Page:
Cadel Evans’ new challenge this year is to get a double dose of Grand Tours, using his mountainbiking background as an aid. He finished fifth overall in the Giro d’Italia after winning stage seven on the “strade bianche”, the gravelled roads of Tuscany, and on Tuesday gained time over almost all the other GC contenders thanks to the pavé sections of the Tour de France's third stage.
The world champion is now the highest ranked of the favourites, laying in third place with thirty seconds advantage over Andy Schleck, 1.01 over Alberto Contador, 1.10 over Bradley Wiggins and 1.51 over Lance Armstrong. “This is a very good day for us”, said a jubilant BMC team owner Andy Rihs, whose passion for cycling was affected by the Floyd Landis drama in 2006 but is restored now by the exploits of the world champion.
“Even in my most pretentious plans, I couldn’t have imagined that I could gain so much time over adversaries like Contador and Armstrong”, Evans told L’Equipe after stage three to Arenberg. “I had put a mark on that day because I knew it could be chaotic. We prepared it well with the right material. We discussed a lot about technical details, choice of tyres and gears. We didn't make any mistakes.”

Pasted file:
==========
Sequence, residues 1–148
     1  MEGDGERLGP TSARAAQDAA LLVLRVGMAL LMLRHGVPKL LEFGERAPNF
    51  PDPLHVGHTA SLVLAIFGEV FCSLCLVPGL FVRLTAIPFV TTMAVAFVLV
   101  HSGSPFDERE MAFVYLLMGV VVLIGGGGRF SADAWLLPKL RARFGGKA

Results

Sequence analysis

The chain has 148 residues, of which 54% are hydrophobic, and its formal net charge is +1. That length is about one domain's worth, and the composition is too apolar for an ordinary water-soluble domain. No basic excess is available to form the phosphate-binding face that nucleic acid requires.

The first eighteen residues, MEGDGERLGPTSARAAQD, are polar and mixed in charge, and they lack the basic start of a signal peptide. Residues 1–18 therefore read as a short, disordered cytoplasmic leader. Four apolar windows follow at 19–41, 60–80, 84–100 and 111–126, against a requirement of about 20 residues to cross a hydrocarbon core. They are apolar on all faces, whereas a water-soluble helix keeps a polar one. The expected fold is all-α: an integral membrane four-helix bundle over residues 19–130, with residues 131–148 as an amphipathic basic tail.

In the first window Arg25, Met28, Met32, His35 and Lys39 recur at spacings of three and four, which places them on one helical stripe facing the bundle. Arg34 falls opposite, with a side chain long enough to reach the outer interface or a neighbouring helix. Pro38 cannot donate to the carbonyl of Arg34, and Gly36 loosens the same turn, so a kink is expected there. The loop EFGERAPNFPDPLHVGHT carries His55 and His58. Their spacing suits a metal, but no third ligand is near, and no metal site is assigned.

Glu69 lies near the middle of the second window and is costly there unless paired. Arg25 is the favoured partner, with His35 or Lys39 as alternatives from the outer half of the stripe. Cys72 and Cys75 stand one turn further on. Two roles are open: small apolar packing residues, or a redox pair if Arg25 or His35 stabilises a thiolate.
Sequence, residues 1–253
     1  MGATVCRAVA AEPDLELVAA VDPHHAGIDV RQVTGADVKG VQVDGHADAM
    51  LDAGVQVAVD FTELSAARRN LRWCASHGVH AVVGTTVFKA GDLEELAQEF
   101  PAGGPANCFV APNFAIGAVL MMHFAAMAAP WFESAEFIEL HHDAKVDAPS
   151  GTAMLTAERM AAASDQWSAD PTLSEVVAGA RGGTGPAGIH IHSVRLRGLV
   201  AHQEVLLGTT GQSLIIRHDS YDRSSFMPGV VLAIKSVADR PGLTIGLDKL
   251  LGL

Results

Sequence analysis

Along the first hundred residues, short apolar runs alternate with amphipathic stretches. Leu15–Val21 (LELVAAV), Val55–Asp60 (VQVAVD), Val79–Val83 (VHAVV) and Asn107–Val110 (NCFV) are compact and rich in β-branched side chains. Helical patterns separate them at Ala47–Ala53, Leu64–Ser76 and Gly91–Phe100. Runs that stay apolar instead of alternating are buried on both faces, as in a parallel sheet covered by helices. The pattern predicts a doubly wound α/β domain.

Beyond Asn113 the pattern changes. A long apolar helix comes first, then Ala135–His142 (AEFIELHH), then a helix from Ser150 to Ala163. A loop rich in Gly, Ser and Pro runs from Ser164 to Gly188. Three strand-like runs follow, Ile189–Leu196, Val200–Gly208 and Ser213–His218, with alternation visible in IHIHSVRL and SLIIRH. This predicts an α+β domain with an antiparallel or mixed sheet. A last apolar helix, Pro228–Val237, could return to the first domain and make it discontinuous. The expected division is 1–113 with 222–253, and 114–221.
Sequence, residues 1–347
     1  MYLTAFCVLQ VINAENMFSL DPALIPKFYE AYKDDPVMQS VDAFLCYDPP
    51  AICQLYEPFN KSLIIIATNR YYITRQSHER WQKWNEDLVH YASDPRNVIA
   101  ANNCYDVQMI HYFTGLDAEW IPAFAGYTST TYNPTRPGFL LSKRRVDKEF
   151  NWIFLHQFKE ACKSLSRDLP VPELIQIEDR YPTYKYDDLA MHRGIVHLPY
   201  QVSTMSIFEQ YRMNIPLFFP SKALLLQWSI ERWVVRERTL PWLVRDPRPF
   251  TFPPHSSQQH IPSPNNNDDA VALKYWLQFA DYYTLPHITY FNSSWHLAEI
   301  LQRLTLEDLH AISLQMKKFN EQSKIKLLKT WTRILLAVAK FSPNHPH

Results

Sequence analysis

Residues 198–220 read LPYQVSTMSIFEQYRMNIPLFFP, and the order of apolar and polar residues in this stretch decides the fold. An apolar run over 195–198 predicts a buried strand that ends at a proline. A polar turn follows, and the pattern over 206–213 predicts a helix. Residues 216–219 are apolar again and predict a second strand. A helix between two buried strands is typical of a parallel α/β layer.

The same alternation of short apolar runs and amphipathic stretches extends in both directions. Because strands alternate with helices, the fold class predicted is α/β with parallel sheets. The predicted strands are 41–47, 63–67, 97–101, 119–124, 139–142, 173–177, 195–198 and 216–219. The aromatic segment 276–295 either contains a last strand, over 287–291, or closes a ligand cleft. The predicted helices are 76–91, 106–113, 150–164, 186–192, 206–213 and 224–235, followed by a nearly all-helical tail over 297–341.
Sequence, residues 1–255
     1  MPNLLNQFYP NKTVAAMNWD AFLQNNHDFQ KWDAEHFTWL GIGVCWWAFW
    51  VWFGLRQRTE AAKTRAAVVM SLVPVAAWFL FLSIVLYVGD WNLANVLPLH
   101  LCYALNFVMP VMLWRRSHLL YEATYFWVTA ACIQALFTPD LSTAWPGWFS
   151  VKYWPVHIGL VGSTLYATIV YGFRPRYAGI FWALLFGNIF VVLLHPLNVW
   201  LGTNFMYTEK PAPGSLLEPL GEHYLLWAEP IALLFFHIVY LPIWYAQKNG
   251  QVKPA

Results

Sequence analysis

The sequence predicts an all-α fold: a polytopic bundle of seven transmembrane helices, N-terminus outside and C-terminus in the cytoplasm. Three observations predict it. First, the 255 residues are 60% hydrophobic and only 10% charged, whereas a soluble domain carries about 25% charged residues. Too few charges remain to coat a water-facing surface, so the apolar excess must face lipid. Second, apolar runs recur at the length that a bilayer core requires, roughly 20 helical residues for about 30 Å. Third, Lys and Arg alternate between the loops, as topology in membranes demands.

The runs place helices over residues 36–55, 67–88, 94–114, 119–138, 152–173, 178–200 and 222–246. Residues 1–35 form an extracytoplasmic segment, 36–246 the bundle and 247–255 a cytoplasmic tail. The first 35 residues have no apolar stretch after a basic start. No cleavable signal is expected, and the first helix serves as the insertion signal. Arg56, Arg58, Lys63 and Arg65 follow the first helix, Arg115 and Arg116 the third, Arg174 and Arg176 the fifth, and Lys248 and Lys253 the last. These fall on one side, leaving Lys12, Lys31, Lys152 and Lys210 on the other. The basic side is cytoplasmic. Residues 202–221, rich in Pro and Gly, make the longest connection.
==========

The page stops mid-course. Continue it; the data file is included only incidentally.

Evans had never ridden competitively on the cobblestones of Paris-Roubaix before. He reconnoitred the stages in April with his teammate Steve Morabito. “I knew where the traps were and also the profitable places for the best positioning”, Evans said.
Fränk Schleck's crash makes Evans to be the top beneficiary of the hectic day, but BMC team president Jim Ochowicz played it down, although he was obviously satisfied with the outcome of the stage. “We’re out of a rider too”, he told Cyclingnews. BMC lost Mathias Frank to a severe crash during the prologue in Rotterdam. The Swiss rider was supposed to be one of Evans’ right hand men in the mountains.
BMC's young team in formation doesn't offer the best climbing support to Evans, while Saxo Bank remains well armed for the climbs with Jakob Fuglsang and Chris Anker Sørensen. On the other hand, the line-up looked good for the cobblestones stage with the likes of Paris-Roubaix specialist George Hincapie and former Gent-Wevelgem winner Marcus Burghardt. But Evans rode successfully by himself in the heat of the action on the pavés.
“I kept in mind my bad prologue in Rotterdam (23rd) and I didn’t want to lose more time like in the team time trial of Montpellier last year”, Evans added. “I wanted to make up my deficit as quickly as possible. For once things turn out in my favour. I’m really happy. Psychologically, it’s good to be ahead but I don’t want to think about the future of this race for now.”
The popular success of stages like the strade bianche and the pavés will push the Grand Tours organisers to go for more stages like that. This could eventually make Evans a winner after all the disillusions he experienced in the past five years.
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